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Danny Kruger

Danny Kruger: There are no easy solutions to unemployment

Last week David Cameron hosted a visit by the Dutch Prime Minister. Not to be outdone, I had a meeting yesterday with the deputy mayor of The Hague. He gave me (my first ever diplomatic gift) a lovely fountain pen.

The deputy mayor wanted to know about the Big Society, but he ended up teaching me something about job creation and citizenship. Ten years ago The Hague city government had a bright idea about how to deal with their jobless young. They drafted them into low-paid posts as park attendants and lollypop ladies.

The result was predictable but not, apparently, predicted. All the volunteers who used to help out in the park and at the school gates were made redundant by the army of young people on government schemes.

Now The Hague is looking to the Big Society for ideas on how to inspire citizen activism – and we are considering making the mistake they made ten years ago.

As the youth unemployment figure passed the million mark this week there are calls from all quarters to create jobs artificially, funnel the jobless young into temporary posts (whether paid or voluntary) designed to teach them the habits of work and, simultaneously, boost the economy (and no doubt reduce the NEET figures).

I literally can’t see the way through here. On the one hand we need to find something for the legion of school leavers to do, and evidence shows that simply attending work – even flipping burgers or sweeping streets – instils the disciplines and responsibility you need to get a better job. On the other hand, pointless non-jobs cannot be good either for the nation’s finances or the self-respect of the people involved.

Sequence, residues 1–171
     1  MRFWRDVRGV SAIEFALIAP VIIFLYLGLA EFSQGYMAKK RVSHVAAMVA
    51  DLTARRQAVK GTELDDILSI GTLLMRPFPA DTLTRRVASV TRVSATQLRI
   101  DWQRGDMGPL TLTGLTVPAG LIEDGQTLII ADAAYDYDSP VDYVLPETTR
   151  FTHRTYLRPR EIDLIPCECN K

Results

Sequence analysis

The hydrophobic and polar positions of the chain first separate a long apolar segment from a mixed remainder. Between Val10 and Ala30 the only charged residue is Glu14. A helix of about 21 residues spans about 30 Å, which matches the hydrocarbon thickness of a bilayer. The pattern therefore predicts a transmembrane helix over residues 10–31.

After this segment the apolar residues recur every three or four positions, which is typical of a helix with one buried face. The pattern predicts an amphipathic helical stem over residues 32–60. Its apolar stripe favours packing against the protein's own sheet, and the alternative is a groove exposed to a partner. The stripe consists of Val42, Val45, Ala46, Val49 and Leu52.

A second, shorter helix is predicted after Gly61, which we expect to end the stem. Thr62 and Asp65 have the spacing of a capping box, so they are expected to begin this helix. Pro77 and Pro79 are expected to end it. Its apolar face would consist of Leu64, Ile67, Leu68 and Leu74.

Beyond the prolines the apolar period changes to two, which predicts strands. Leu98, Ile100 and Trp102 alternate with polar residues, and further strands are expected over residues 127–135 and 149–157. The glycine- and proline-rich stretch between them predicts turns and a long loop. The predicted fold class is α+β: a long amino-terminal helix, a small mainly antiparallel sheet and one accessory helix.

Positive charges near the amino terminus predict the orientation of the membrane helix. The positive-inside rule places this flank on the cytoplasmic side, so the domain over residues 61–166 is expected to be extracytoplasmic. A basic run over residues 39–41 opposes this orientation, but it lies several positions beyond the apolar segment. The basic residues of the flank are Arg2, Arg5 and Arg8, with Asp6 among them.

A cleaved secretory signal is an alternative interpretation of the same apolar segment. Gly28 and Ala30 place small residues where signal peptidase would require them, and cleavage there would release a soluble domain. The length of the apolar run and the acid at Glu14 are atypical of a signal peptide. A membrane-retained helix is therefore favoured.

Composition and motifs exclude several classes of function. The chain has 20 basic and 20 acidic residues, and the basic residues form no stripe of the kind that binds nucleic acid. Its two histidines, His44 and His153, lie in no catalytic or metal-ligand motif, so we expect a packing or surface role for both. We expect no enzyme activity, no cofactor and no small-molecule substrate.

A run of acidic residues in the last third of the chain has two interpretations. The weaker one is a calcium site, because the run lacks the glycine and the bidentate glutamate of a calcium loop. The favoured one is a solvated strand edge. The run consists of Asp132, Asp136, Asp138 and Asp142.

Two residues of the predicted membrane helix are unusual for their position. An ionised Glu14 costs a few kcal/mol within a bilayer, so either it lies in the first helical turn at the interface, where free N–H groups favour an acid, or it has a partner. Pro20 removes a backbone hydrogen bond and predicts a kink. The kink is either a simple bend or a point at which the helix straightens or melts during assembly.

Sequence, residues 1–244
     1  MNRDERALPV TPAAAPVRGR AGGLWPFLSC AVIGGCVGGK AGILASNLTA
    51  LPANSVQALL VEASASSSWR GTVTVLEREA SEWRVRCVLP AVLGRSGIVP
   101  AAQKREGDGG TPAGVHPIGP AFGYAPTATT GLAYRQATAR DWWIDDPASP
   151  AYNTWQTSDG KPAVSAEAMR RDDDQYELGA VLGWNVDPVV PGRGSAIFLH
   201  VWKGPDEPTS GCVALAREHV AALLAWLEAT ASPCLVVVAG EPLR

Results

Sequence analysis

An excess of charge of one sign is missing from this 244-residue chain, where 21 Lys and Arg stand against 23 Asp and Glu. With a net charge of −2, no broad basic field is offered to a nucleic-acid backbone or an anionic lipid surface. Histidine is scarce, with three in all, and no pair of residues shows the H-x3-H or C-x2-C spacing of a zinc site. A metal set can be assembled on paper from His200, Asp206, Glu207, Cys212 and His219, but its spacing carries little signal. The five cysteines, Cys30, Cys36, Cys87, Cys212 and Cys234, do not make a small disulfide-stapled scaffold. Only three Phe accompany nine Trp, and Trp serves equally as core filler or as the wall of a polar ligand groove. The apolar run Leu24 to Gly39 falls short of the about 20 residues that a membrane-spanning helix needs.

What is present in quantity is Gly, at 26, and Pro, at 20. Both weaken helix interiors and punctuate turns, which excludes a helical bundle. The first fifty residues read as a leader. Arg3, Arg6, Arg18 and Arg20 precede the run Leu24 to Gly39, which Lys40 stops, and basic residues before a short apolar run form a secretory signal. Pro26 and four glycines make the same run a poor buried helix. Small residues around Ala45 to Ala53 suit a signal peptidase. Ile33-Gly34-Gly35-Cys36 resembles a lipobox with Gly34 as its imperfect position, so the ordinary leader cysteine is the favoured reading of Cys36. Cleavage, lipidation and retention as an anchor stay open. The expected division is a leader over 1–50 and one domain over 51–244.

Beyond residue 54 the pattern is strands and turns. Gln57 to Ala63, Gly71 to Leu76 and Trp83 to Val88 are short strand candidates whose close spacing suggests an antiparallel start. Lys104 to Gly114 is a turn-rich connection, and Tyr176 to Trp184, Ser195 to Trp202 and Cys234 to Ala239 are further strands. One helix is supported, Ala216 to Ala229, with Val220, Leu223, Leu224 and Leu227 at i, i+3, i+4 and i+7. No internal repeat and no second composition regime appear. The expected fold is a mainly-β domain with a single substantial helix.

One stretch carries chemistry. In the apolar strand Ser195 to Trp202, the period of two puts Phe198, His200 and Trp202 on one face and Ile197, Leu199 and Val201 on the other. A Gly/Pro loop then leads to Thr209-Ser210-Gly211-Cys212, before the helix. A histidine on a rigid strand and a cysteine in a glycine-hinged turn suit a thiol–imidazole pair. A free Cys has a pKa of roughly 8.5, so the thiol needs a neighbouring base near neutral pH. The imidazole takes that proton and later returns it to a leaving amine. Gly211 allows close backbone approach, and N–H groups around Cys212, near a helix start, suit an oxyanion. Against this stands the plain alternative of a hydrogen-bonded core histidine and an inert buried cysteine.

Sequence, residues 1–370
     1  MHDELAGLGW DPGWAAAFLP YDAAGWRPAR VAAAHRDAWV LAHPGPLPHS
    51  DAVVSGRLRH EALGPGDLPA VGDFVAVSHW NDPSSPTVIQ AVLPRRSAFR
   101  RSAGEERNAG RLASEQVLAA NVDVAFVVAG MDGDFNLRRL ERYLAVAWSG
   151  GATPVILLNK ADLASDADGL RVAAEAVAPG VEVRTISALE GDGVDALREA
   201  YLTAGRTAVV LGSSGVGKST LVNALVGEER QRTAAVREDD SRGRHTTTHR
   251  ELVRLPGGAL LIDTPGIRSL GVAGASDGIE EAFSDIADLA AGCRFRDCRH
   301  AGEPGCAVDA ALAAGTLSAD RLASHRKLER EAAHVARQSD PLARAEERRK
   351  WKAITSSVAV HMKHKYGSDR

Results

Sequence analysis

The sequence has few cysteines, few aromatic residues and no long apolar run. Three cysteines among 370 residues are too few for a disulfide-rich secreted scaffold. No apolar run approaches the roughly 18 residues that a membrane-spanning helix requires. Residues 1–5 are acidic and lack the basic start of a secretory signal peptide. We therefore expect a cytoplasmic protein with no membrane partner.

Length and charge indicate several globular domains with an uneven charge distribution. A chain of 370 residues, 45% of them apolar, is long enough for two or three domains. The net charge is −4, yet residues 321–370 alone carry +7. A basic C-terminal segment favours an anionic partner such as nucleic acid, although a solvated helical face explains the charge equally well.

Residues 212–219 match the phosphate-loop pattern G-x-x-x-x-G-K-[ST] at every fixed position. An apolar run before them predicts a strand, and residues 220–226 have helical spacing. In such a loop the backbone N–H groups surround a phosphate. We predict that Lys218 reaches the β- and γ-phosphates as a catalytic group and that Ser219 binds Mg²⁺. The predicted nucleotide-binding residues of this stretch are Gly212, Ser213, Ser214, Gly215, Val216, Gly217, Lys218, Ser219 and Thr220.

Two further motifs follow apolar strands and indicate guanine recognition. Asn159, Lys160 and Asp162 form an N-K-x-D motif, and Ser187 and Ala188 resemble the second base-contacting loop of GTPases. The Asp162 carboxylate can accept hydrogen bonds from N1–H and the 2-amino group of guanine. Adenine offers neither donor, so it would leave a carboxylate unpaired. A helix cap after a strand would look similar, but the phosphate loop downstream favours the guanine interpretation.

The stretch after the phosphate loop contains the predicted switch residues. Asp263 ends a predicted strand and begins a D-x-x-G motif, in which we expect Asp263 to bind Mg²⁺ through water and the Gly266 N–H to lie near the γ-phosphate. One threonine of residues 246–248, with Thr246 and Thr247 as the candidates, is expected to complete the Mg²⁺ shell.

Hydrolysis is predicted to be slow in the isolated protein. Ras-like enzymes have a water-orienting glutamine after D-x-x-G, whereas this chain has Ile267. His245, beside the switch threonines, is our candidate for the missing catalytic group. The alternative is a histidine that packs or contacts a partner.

In the Paris Commune of 1870, it is said, men were employed by the state to collect water from the Seine on one side of the Isle de la Cite and pour it out on the other. At least they didn’t crowd out voluntary and private sector water-pourers.

Ultimately, we will reduce youth unemployment by growing the private sector, and particularly SMEs, as a share of the economy, and by tackling young people’s attitudinal barriers to hard work and long-term life planning. Neither of these ambitions will be served by paying them to do jobs that aren’t needed.

Meanwhile there are complaints on all sides that interns should be paid, and that Job Centres shouldn’t be requiring people to do unpaid work to justify their JobSeekers Allowance (some lawyers are seriously challenging this scheme on the grounds that ‘forced or compulsory labour’ is illegal under the Human Rights Act. This would be evil if it weren’t so preposterous).

In the last week I have heard Labour complain about the number of fiftysomethings facing unemployment, the number of young people out of work, and the number of civil servants being laid off – as if Government can somehow provide jobs for the whole population.

This is, of course, the essence of Labour’s economic policy: borrow money to create, or save, public sector jobs so that their wages will fuel consumption and stimulate growth. There is something wrong here, like a failed Excel formula with a circular reference.


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